Whitehorse council puts phone contract on hold
Mike Thomas/Yukon News
Want to know which company will provide phone service to the City of Whitehorse? Please hold.
City council voted April 10 to further review a proposal to renew the current Northwestel contract for another three years at a cost of more than $186,000 per year.
Council first visited the issue under the belief that Northwestel was the only possible provider for phone service. That’s technically true under the city’s current traditional landline system. What is up for debate is whether the city should stay with that system or move to an internet-based voice over internet protocol (VoIP) system, which would open the phone service to other local competitors.
Martin Lehner of Whitehorse-based telecommunications provider Tangerine Technology told council it should switch to VoIP services, specifically one offered by Calgary-based Telin Systems. Tangerine Technology would have a “partnership” with Telin Systems, he said.
The current landlines, Lehner said, run off a system called centrex which basically “leases space from a large (central) system the phone company owns,” and represent an “older technology.” Lehner said this technology is becoming outdated.
VoIP would provide all the services the centrex system currently provides and could make long distance phone calls “a thing of the past,” he said.
He estimated the city could save as much as 30 per cent by using Telin VoIP system instead of Northwestel.
“VoIP is certainly growing and many people and businesses are switching over,” Lehner said.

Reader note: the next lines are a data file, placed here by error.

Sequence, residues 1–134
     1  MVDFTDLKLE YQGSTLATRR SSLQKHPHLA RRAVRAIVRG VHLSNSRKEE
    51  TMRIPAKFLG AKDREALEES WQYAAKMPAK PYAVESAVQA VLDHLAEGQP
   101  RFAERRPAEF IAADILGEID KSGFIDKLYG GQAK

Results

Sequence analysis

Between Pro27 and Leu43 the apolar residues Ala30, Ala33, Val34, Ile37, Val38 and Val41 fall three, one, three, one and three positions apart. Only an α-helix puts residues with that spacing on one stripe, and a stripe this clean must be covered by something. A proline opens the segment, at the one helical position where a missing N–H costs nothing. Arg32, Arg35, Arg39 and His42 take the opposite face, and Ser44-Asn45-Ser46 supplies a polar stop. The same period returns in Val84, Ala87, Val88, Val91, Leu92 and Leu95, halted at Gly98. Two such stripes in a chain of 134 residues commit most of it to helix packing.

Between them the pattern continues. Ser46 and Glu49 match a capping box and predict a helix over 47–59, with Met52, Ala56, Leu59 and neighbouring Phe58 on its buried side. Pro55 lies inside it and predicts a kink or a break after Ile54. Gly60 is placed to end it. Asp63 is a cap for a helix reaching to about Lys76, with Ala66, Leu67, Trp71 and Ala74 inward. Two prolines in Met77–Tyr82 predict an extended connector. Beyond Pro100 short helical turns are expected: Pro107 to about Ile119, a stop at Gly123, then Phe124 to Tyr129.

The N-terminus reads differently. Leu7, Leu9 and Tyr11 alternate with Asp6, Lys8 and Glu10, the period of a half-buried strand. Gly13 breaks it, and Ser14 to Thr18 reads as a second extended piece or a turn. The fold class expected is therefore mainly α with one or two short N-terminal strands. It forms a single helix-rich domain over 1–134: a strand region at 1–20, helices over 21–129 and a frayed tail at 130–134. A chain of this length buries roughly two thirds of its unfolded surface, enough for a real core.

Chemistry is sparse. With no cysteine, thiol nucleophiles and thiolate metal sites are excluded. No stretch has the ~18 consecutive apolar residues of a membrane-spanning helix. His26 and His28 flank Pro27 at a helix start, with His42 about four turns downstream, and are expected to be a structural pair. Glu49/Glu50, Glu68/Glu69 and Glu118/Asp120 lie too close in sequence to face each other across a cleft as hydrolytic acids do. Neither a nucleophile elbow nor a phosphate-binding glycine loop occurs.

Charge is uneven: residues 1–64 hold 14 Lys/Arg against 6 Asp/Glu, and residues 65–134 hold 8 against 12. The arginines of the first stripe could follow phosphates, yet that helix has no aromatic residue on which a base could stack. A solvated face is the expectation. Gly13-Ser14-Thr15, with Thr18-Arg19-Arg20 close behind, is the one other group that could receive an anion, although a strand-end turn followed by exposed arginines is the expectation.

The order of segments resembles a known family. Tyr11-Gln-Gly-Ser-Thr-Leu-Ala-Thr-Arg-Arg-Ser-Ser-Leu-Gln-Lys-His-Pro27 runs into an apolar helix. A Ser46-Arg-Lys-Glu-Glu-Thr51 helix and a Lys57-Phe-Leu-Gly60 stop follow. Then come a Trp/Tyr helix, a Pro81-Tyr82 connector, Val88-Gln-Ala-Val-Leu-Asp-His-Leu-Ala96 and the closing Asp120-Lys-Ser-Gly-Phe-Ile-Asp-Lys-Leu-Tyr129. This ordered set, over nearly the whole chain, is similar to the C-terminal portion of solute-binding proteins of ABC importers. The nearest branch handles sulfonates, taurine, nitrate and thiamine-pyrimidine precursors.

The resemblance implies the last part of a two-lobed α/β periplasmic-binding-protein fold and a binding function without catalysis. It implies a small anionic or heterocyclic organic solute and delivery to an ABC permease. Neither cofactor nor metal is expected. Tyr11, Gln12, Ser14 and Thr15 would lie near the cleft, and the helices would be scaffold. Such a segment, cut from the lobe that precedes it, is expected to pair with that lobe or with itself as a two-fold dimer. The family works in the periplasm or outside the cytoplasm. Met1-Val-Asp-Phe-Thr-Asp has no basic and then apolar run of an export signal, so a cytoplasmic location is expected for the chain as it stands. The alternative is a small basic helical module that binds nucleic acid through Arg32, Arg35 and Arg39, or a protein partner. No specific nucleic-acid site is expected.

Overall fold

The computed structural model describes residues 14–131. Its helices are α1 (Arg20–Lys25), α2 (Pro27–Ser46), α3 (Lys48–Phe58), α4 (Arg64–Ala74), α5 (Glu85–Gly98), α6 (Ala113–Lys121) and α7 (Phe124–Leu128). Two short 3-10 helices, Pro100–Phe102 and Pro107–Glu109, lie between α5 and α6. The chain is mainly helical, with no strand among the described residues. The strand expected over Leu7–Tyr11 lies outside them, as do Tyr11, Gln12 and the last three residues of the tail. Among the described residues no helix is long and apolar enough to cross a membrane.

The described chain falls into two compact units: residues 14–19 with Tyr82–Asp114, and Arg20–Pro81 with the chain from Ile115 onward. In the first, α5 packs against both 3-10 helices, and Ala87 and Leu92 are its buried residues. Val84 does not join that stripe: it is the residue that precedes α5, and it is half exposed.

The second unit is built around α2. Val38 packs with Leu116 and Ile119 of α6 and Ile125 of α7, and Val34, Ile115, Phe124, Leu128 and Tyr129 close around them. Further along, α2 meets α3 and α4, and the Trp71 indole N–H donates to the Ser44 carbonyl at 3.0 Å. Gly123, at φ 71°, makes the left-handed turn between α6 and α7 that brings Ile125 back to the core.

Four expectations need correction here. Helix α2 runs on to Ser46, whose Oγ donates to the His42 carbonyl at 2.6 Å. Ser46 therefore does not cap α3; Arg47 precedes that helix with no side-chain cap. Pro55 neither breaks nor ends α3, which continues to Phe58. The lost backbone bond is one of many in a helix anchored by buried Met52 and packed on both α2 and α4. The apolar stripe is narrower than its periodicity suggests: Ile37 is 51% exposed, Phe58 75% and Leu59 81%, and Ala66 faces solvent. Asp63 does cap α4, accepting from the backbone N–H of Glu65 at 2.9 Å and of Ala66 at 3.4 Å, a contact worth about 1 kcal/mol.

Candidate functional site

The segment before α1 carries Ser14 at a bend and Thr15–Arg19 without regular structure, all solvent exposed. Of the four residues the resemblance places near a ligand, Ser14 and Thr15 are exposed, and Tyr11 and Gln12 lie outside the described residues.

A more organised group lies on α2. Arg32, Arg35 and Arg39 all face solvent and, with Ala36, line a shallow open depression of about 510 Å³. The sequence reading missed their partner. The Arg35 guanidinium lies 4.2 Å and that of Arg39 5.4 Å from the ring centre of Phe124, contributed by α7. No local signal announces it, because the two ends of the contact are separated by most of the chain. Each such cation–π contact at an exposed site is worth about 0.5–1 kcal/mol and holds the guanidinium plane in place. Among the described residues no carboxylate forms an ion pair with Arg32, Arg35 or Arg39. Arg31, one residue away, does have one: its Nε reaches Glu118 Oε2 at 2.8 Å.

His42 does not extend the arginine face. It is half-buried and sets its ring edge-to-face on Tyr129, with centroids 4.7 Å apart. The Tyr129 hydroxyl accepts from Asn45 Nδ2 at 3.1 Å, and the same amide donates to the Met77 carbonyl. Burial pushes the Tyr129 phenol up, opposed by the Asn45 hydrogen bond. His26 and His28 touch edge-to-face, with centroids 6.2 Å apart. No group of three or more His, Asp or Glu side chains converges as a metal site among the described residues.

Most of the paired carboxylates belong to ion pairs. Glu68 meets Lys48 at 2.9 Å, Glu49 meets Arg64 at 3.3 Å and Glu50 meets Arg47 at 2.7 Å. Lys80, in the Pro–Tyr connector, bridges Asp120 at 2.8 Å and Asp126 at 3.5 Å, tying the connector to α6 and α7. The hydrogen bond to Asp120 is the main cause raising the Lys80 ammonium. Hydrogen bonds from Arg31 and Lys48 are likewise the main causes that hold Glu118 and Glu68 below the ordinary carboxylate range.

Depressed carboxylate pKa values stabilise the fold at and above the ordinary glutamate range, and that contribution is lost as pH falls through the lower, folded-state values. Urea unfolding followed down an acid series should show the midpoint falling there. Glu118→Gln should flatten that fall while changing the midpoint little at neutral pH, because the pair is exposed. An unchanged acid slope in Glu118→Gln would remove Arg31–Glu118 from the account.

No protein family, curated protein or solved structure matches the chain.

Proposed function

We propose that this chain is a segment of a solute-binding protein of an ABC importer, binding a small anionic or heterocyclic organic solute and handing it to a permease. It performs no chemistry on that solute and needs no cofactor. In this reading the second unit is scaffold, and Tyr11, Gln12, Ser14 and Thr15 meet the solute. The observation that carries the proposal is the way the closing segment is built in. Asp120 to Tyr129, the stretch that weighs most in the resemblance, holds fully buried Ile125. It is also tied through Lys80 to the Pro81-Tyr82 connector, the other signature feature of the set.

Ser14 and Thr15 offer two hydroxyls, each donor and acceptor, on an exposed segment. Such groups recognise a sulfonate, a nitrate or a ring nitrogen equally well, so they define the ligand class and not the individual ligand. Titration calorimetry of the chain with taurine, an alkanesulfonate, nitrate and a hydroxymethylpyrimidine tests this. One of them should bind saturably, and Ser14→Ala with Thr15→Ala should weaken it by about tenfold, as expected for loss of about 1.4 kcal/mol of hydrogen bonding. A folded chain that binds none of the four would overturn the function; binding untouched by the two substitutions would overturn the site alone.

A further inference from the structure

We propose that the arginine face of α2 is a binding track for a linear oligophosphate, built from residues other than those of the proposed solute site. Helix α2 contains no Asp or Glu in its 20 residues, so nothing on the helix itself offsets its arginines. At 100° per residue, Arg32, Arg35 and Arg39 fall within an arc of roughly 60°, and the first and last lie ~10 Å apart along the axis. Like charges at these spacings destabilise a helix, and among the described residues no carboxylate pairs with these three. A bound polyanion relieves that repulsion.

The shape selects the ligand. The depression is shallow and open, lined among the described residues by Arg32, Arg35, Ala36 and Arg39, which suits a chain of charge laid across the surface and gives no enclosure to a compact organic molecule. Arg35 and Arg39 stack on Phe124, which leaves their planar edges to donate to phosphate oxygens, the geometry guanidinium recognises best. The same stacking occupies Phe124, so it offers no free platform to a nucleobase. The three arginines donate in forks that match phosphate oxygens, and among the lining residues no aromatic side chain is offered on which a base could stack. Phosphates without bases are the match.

Coun. Roslyn Woodcock said she was concerned about the long-term costs of switching to the internet-based system, including hardware and software upgrades and maintenance.
“The contract with Northwestel is not the only cost associated (with phone service),” she said.
Woodcock also had concerns surrounding what would happen in the event of an internet outage.
“One thing to remember is, that is there is a major outage … it can affect landlines as well,” Lehner said. He recommended that, if the city switched to VoIP, that they keep a few landlines around as “a redundant service.”
Lehner recommended the city hold off on signing a new three-year contract with Northwestel and sign a one-year contract instead. This would allow other service providers to submit ideas and give the city time to “figure out what it would need,” he said.
City staff said a three-year contract with Northwestel would cost $186,000 per year and a one-year deal would cost $275,000 per year. If council signed a one-year contract and then decided to renew with Northwestel the next year, it would cost the city nearly $100,000 more than signing the three year contract.
Rick Steele, TechYukon’s executive director, echoed Lehner’s recommendation.
“We concur with Tangerine Technology,” he said. “There is no anti-Northwestel sentiment behind this … but (if you keep the current plan) you may be buying into a technology which is obsolete.”
Both Northwestel and Tangerine Technology are members of TechYukon.
Steele did not advocate for a specific VoIP provider.
After listening to the delegates, council was divided on both the financial and practical merits of opting for VoIP services over traditional landlines.
“Our concern is the timing of the service,” said Mayor Dan Curtis. “ I think we recognize the need (to switch) and get there…. But our concern is implementation.”
Coun. Rob Fendrick, who attended the meeting via conference call, was in favour of the traditional services.
“(Phone service) is not just making calls to your bestie and setting up meetings,” said Fendrick. “There are a lot of complex things dealt with through phone lines.… VoIP is great technology for an office. But we don’t run an office. We run 12 different businesses and it’s highly technical.”
“What I have learned is that Northwestel is not the only option … and that centrex is obsolete,” said Coun. Betty Irwin.
Council sent the proposal back to administration, which will review issues such as cost and benefits, internet outage contingency plans and bandwidth usage before reporting back at a council meeting next month.